Dallas hedge-fund manager J. Kyle Bass helped advise the University of Texas Investment Management Co. on taking delivery of 6,643 gold bars, worth $987 million on April 15, now stored in a bank warehouse in New York.
Bass, who made $500 million with 2006 bets on a U.S. subprime-mortgage market collapse, said managers of the endowment, known as UTIMCO, sought board approval to convert its gold investments into bullion this year. A board member, Bass, 41, said he was asked to help with that process.
While Bass, a managing partner at Hayman Capital Management LP, said in an April 16 e-mail that “the decision to purchase and take delivery of the physical gold” was made by endowment staff members, “I helped where I could.” Gold futures touched a record $1,489.10 an ounce April 15 in New York before closing at $1,486.
The Texas fund’s $19.9 billion in assets ranked it behind only Harvard University’s endowment as of August, according to the National Association of College and University Business Officers. Last year, UTIMCO added about $500 million in gold investments to an existing stake, saidBruce Zimmerman, the endowment’s chief executive officer. The fund’s managers sought to take delivery of bullion to protect against demand for the metal overwhelming supply, according to Bass.
Open interest in gold futures and options traded on the Comex typically exceeds supplies held in its warehouses. If the holders of just 5 percent of those contracts opted to take delivery of the metal, there wouldn’t be enough to cover the demand, Bass said.
“If you own a paper contract where they can only deliver you 10 cents on the dollar or less, you should probably convert it to physical,” said Bass, who isn’t related to Fort Worth’s billionaireBass family. He said holding cash wasn’t a better choice because the rate of inflation exceeds money-market rates by 2.5 percent to 3 percent, eroding the value of cash.
“Central banks are printing more money than they ever have, so what’s the value of money in terms of purchases of goods and services,” Bass said April 15 in a telephone interview. “I look at gold as just another currency that they can’t print any more of.”
Sovereign-debt concerns also boosted demand for the metal on April 15, driving Comex futures to an all-time high. The price has climbed 28 percent in the past year.
Gold’s 10-year rally has attracted billionaire investors such as George Soros and John Paulson,who seek a store of value as record-low interest rates erode returns on currencies.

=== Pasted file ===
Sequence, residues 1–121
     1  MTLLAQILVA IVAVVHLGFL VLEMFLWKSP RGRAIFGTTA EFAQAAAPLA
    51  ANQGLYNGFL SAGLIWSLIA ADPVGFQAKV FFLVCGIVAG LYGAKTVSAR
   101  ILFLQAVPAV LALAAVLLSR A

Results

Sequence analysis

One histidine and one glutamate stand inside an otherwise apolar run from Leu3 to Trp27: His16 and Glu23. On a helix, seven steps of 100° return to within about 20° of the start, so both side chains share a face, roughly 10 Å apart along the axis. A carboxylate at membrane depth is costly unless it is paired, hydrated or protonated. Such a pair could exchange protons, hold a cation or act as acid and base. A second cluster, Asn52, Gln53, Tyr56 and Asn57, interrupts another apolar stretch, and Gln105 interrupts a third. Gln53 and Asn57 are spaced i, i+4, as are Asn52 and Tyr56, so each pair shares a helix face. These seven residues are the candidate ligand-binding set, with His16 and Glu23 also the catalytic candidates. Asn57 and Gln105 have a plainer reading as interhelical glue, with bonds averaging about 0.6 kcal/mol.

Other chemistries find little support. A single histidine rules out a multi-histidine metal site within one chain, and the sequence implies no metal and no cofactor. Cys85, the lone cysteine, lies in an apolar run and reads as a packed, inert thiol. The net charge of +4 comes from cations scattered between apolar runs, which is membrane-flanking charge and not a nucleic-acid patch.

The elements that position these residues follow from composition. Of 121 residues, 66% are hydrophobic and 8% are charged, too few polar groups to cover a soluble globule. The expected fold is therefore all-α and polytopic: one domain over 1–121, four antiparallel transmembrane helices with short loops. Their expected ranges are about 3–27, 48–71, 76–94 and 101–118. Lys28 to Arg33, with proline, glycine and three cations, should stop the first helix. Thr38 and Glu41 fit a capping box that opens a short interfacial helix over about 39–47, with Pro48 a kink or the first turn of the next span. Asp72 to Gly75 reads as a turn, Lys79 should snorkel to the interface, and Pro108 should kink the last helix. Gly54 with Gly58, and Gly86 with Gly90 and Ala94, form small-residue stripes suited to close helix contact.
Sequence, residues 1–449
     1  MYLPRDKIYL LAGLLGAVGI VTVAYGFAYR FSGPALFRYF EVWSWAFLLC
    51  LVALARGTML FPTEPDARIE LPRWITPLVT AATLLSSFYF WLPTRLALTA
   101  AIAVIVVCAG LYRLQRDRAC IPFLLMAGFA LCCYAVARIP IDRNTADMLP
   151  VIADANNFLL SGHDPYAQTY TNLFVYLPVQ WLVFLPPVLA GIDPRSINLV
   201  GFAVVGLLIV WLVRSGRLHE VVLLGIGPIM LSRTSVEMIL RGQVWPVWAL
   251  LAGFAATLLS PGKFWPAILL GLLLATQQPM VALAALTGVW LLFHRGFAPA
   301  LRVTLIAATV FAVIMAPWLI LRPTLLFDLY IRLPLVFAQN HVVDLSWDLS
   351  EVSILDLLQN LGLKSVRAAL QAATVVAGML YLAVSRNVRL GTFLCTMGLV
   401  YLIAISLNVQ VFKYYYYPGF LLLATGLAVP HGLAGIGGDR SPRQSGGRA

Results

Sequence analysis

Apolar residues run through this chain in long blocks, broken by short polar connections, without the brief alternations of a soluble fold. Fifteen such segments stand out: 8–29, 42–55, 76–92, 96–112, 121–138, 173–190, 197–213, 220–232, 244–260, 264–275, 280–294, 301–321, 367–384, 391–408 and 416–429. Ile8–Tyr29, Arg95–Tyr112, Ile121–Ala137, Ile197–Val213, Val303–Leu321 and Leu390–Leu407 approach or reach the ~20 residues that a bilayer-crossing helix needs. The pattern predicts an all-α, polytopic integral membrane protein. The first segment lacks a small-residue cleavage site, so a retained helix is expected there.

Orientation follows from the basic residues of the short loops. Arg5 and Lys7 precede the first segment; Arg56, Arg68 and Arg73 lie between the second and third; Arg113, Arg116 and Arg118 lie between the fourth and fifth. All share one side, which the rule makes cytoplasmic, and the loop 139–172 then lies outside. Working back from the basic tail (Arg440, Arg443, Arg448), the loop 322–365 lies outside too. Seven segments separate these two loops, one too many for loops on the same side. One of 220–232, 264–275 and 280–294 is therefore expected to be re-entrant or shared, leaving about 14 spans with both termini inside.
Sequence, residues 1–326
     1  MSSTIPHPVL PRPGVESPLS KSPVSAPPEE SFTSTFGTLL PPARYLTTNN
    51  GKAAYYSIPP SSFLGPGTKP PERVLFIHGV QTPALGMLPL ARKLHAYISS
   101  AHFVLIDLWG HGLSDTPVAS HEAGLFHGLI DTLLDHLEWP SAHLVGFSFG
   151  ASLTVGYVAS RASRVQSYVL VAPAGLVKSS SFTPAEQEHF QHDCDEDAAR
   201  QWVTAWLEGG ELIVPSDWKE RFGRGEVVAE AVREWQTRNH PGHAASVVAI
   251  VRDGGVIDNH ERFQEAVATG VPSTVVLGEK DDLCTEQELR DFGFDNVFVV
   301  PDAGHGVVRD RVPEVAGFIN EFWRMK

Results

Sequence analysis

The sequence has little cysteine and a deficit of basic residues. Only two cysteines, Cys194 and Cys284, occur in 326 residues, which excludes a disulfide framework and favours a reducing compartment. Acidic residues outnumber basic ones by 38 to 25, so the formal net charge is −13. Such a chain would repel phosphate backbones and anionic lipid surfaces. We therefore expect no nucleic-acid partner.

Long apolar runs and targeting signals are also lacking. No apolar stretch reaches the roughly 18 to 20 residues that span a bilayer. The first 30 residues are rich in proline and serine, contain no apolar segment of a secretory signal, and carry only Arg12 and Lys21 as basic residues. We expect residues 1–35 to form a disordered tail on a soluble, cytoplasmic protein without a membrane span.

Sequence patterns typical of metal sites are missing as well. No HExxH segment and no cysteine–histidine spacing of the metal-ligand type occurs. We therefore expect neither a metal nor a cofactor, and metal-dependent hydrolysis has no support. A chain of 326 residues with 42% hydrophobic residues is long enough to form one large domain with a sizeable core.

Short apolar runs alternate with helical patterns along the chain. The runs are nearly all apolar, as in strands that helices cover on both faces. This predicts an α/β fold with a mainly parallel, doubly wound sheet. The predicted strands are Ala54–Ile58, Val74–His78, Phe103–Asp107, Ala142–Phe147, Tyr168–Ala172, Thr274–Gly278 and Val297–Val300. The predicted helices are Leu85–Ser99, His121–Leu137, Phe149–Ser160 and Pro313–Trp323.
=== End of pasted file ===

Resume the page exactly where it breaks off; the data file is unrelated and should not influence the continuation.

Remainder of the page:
Few investors take physical delivery of bullion. As of April 14, 2,860 contracts this month, about 0.5 percent of total open interest, had been converted to metal, exchange data show.
Physical deliveries have slowed as gold topped records this year, said Blake Robben, a senior market strategist who handles deliveries of Comex metals for clients at Chicago-based broker Lind-Waldock.
“It’s usually wealthy individuals with net worths over $1 million who want to take delivery to diversify away from the dollar,” Robben said. “Generally, it’s a big hassle and not worth it to take delivery.”
Investors can own 100 ounces of gold futures with Lind- Waldock by paying a $100 fee and putting up $6,571 in a margin account to purchase one contract. To take delivery of a 100- ounce bar, investors have to pay the full price of the contract.
Bass, a Texas Christian University graduate who was named to the endowment’s board in August, is a former salesman with Bear Stearns Cos. and Legg Mason Inc. He said about 5 percent of his hedge fund is invested in gold.
The endowment, which oversees funds held by the University of Texas System and Texas A&M University, has 664,300 ounces of bullion in a Comex-registered vault in New York owned by HSBC Holdings Plc, the London-based bank, according to a report distributed at a meeting in Austin.
“I simply voted as a board member to approve the storage facility and concurred with their decisions,” Bass said.
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